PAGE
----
But after Haley gave out at least $70 million in incentives during her first 16 months in office, the business group is now delighted with the governor.
“From the business standpoint, she’s probably been as big of an advocate as we could have asked for,” said Otis Rawl, CEO of the South Carolina Chamber of Commerce.
While running for office, Haley never came out against incentives, saying only that every proposal had to be evaluated on its own merit. But at the time, she was in the shadow of Gov. Mark Sanford, who had a much harder stance against giving companies money to locate and was an early Haley supporter. Haley’s economic motives were also questioned when she didn’t support a Sanford-backed proposal to exempt Internet retail giant Amazon from sales taxes.
But the governor’s results show her administration has not hesitated to offer incentives. A review of more than 50 public announcements of firms locating in the state and bringing at least 100 jobs since Haley took office in January 2011 show the state has offered more than $70 million in help ranging from tax breaks to grants.
Haley recently defended her use of incentives, saying much of the money goes to improving roads, technology or other infrastructure. She said they are just a small part of her broader plan to help businesses by lowering taxes, fighting off unions and decreasing regulation.
“I don’t think you just hand over a check to win someone over. I think you create a business environment that allows them to make money every day,” Haley said.
Continental Tire led the way with $31 million in state help for the 1,700 jobs it plans to bring to a new tire plant in Sumter County. NK Newlook, a company that makes fixtures and display cases for retailers, got $200,000 in incentives for a plant in Barnwell County that promised to hire more than 200 people.
The precise amount of incentives offered is hard to calculate because the numbers are sometimes kept secret. State Commerce Department officials said Freedom of Information Act requests for the deals made with companies would be reviewed in a lengthy process with the firms and state officials. And information deemed sensitive to their businesses would be redacted.
Not even Ashley Landess, president of the South Carolina Policy Council, knows how much is being spent. Landess believes incentives represent everything that is wrong in South Carolina, and she is willing to spend money to prove it.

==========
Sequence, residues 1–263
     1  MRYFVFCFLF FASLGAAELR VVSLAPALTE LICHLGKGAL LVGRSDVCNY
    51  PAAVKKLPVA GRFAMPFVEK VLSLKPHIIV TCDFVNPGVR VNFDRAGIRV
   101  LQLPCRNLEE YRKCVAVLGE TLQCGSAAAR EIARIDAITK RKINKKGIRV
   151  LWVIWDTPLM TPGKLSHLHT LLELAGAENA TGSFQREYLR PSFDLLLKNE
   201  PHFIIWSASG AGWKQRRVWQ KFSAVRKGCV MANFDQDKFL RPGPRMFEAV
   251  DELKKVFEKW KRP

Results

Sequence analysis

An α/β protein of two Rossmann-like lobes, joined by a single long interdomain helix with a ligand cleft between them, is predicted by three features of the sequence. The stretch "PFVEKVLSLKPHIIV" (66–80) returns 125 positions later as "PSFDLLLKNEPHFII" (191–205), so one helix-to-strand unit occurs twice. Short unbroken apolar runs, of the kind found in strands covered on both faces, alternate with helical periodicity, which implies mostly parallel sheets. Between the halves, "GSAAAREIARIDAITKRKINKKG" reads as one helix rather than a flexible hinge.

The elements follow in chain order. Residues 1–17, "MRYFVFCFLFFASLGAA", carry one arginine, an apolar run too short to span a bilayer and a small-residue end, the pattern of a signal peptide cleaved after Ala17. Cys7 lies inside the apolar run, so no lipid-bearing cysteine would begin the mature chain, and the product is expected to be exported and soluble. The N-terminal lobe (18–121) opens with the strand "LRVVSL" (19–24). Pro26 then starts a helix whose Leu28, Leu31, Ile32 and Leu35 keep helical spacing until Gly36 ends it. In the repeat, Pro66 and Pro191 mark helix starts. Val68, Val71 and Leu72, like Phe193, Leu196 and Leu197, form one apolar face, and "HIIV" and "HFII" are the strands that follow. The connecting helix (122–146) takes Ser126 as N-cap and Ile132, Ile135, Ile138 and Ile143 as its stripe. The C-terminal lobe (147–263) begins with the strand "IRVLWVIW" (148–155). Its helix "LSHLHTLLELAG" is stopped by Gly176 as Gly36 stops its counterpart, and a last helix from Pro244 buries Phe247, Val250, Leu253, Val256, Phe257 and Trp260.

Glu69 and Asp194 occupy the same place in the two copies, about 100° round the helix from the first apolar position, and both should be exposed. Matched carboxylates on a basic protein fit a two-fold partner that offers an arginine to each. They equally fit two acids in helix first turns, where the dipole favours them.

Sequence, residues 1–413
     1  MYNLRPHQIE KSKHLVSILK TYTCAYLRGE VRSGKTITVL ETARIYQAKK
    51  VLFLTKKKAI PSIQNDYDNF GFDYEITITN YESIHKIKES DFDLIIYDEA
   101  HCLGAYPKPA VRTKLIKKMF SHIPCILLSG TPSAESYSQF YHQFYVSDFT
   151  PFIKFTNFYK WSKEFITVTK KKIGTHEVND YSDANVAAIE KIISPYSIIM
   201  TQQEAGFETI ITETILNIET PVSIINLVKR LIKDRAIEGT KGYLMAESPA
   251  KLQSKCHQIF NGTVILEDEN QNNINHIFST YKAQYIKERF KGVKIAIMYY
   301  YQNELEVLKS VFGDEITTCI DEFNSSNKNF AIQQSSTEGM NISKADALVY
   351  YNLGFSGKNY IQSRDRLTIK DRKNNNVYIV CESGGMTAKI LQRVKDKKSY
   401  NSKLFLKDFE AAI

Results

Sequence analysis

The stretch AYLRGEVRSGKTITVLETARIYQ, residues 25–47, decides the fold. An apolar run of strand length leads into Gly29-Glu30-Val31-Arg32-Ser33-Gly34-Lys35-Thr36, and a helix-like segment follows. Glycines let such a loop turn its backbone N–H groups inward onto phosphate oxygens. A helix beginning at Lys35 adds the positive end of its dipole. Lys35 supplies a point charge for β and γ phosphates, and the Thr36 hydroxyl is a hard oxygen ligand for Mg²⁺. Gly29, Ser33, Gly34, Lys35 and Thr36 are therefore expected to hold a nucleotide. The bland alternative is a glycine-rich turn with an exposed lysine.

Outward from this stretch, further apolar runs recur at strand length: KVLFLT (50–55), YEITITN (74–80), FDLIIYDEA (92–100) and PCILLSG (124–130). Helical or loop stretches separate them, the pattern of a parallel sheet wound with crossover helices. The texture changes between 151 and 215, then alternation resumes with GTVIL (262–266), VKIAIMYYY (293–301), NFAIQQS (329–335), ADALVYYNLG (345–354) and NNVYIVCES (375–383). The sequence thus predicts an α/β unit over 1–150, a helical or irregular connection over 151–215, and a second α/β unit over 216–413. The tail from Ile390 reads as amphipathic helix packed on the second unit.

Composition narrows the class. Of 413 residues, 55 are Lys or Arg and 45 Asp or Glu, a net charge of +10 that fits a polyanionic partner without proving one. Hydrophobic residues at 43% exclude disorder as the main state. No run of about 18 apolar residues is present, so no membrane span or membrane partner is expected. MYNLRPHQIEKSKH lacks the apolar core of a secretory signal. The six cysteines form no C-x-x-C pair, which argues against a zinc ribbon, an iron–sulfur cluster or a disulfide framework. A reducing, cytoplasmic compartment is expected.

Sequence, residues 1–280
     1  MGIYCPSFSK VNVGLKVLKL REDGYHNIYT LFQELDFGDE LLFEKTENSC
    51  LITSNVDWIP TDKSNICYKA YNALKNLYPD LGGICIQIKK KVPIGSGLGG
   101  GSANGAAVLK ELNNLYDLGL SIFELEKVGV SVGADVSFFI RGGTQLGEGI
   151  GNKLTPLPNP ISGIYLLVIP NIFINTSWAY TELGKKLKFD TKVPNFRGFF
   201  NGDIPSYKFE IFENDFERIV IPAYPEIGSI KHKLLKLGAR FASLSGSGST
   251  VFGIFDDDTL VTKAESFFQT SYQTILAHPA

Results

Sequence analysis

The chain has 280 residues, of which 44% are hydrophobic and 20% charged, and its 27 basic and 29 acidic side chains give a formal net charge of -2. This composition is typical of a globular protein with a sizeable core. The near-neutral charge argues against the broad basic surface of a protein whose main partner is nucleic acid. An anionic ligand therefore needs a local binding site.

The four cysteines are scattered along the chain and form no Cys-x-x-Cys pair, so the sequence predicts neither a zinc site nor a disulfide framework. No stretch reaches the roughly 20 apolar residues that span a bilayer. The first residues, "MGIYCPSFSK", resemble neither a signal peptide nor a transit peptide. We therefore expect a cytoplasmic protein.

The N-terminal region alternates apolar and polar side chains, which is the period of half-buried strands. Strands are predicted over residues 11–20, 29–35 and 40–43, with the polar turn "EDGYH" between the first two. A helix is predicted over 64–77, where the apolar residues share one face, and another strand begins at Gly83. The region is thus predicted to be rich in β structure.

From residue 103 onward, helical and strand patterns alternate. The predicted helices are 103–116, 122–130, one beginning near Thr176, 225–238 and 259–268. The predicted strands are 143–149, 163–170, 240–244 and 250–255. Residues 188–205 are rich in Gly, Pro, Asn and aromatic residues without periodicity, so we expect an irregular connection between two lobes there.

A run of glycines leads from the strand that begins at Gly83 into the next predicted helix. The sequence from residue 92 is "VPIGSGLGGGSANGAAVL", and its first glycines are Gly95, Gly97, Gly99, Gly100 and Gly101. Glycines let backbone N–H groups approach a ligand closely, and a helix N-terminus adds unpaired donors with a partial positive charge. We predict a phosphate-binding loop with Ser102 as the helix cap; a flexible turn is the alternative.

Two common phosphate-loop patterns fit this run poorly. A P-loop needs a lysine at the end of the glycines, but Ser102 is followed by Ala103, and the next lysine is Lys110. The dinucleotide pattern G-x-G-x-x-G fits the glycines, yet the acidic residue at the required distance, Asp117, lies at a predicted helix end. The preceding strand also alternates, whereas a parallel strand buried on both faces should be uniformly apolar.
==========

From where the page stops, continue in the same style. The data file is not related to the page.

She said the incentives amount to corporate welfare that hurts capitalism and competition and said the average person would be better off getting lower taxes and putting that money in their pockets.
She said if there was evidence offering incentives brought in more jobs with better wages, supporters couldn’t stop talking about it. But instead, she said it only helps a few people at the expense of most of the state’s citizens.
Landess has been disappointed with Haley’s willingness to use incentives not only for new businesses, but for firms like Michelin that have been in this state for decades.
Landess’ organization has hired three journalists to investigate state government and where it spends its money. She said it is absurd that a few politicians and a few companies are allowed to make private deals and then don’t have to prove if the money really did help.
“Politicians in South Carolina are destroying the private sector economy with these backroom deals,” Landess said.
Haley thinks that view is too simplistic. She said it is not like the state is just throwing cash at companies with no return, citing improvements in roads, water works and technology that these companies spend the money on.
“Mostly what we’re having to do is infrastructure. We’re not turning over checks. We’re making sure they have infrastructure in place in these rural areas,” Haley said.
A recent study by The Pew Center on the States also stirred up debate as the group found South Carolina was one of 25 states that do little to check the effectiveness of the money they spend on incentives. Sen. Mike Rose cited the study as he asked Commerce Secretary Bobby Hitt about a bill he has proposed to better evaluate incentives before they are offered and put in place a way to check if they bring about the changes they promise.
“There’s no structure for what we get in return and whether it hurts other businesses,” the Summerville Republican said.
Hitt disagreed with the study, saying South Carolina has a panel called the Coordinating Council for Economic Development that thoroughly reviews these deals.
“Increasingly companies are expecting states and localities to set the table. The expectation is that the infrastructure will be there, that they’ll be able to spend their money on capital, not pay to put their railroad in or the roads. So primarily what we do now is set the table,” Hitt said.
Nearly two years after turning their backs on Haley, Chamber of Commerce members are in love with her. Rawl said he gives her an “A’’ grade not just because she is willing to spend money on incentives, but also because her administration comes down on the side of businesses at almost every opportunity.
“I don’t think we really had a tiff,” Rawl said. “We just wanted to make sure we understood her economic plan and her plan for moving the state forward.”